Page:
Since all parts of the financial industry seems to be finding a way to get all the money that they can possibly squeeze out of the Federal Government, and now the auto industry is not far behind, I think that my knitting personal bailout should have priority and receive special treatment from FiberFannie Mae, the loan fiber-consolidation experts.
Seriously, if people who managed to squander other peoples’ money in buying a house by simply having stated their incomes on a form without any documentation whatsoever, then I freely confess the following:
1. I have bought yarn without showing any ability to pay the credit card bills within the year. My LYS (aka “my dealer”) freely pushed onto me fibers and yarns with words like “silk”,”hand-painted” and “handspun” knowing that my ability to refuse such fibers was impaired. I was sucked into the vortex of “doesn’t it feel great!“
2. The spirial soon started. I bought yarns, tools, and patterns, and began to haunt online websites like Knitty to feed the illusion that I would actually knit all the yarn that I was buying. The stash bubble began to grow.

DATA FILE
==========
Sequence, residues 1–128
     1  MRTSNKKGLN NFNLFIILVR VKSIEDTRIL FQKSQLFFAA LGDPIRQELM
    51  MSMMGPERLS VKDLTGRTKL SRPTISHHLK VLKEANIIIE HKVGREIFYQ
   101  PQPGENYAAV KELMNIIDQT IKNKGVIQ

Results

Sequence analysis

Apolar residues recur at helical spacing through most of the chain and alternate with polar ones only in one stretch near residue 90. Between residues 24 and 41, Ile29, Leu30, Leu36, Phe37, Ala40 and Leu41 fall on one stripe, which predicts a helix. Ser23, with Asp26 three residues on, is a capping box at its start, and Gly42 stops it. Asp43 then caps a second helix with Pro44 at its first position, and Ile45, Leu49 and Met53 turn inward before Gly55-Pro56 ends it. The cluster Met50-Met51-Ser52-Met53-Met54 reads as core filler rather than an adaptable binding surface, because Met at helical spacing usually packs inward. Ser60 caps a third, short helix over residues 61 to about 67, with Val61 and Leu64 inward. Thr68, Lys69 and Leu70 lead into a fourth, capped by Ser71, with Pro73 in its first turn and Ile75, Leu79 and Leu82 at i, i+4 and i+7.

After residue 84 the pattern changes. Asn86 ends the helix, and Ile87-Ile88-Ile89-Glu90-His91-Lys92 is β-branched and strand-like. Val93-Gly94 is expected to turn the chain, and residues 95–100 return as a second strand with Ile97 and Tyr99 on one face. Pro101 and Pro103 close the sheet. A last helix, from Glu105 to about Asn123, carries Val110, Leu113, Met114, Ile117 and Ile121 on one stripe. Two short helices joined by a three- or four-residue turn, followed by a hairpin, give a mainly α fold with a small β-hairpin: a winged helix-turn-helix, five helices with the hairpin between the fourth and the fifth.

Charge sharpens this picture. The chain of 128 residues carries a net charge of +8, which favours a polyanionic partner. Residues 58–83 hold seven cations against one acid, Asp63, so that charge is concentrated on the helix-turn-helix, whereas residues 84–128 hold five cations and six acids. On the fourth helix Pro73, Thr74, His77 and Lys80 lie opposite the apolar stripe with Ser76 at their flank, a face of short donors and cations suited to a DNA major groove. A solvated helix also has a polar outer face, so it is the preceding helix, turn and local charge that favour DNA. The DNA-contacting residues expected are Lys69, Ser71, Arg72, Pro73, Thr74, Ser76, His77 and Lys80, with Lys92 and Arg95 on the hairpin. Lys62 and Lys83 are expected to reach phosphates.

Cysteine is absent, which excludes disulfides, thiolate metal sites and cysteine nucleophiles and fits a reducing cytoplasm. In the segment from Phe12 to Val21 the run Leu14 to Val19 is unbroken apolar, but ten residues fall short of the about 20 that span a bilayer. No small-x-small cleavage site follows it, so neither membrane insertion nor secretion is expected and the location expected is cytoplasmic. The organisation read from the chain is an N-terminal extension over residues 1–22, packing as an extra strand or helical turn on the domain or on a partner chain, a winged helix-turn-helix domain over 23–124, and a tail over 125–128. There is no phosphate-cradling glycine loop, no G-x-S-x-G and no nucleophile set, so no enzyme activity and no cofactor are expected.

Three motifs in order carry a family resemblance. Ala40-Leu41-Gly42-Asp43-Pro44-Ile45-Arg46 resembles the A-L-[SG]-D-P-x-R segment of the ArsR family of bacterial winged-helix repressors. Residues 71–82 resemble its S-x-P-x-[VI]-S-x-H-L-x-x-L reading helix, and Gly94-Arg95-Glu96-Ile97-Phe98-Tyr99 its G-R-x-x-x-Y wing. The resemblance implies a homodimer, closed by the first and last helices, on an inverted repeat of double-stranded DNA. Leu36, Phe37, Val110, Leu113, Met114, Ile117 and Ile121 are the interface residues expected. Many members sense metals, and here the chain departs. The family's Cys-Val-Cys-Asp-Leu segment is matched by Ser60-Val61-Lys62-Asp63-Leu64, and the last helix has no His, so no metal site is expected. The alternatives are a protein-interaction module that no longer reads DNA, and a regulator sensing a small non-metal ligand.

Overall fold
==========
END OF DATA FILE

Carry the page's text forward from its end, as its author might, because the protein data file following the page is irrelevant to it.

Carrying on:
3. My transformation into a fiber victim was twisted yet higher by the introduction of the truly seductive and seemingly innocuous website called Ravelry. Oh, yes, Jess and Casey profess to be community-minded small business owners running a start-up, but have you noticed that their mascot, Bob, never smiles? Yeah, he’s the brains behind the whole operation. They provide the ability to check out patterns and ways to use any yarn in your stash, so I bought more and more yarn with the thought “I’ll figure out how to use this on Ravelry.” Any reason not to buy yarn was effectively and efficiently eliminated. Yarn piled higher and higher. Who needs a mortgage when one is buying yarn?
4. Since September 15th, the value of my stash has declined by over 50 percent, meaning that my fiber 401k is now in the tank. I hear from fiberconomists that it is because my sister knitters have also bought yarn that they have told me that they could not afford and do not intend to use until at least retirement. This “fiber bubble” has now burst and we spend our evenings touching Kidsilk Haze and crying, “Why, why!!!” Soon, the fiber eviction notices will come, our yarn will be sold at auction to unworthy knitters who will be taking advantage of our circumstances and we will be reduced to acrylic “pound-plus” yarn from Big-Box stores. Our knitting community will wither and die, and friends and family will be asking us to go get anti-depressants. It will not be pretty.
I therefore plead with our elected Representatives Truly, the only solution is in a yarn bailout. I need it now, but can you ask FiberFannie Mae wait ’til I finish my UFO?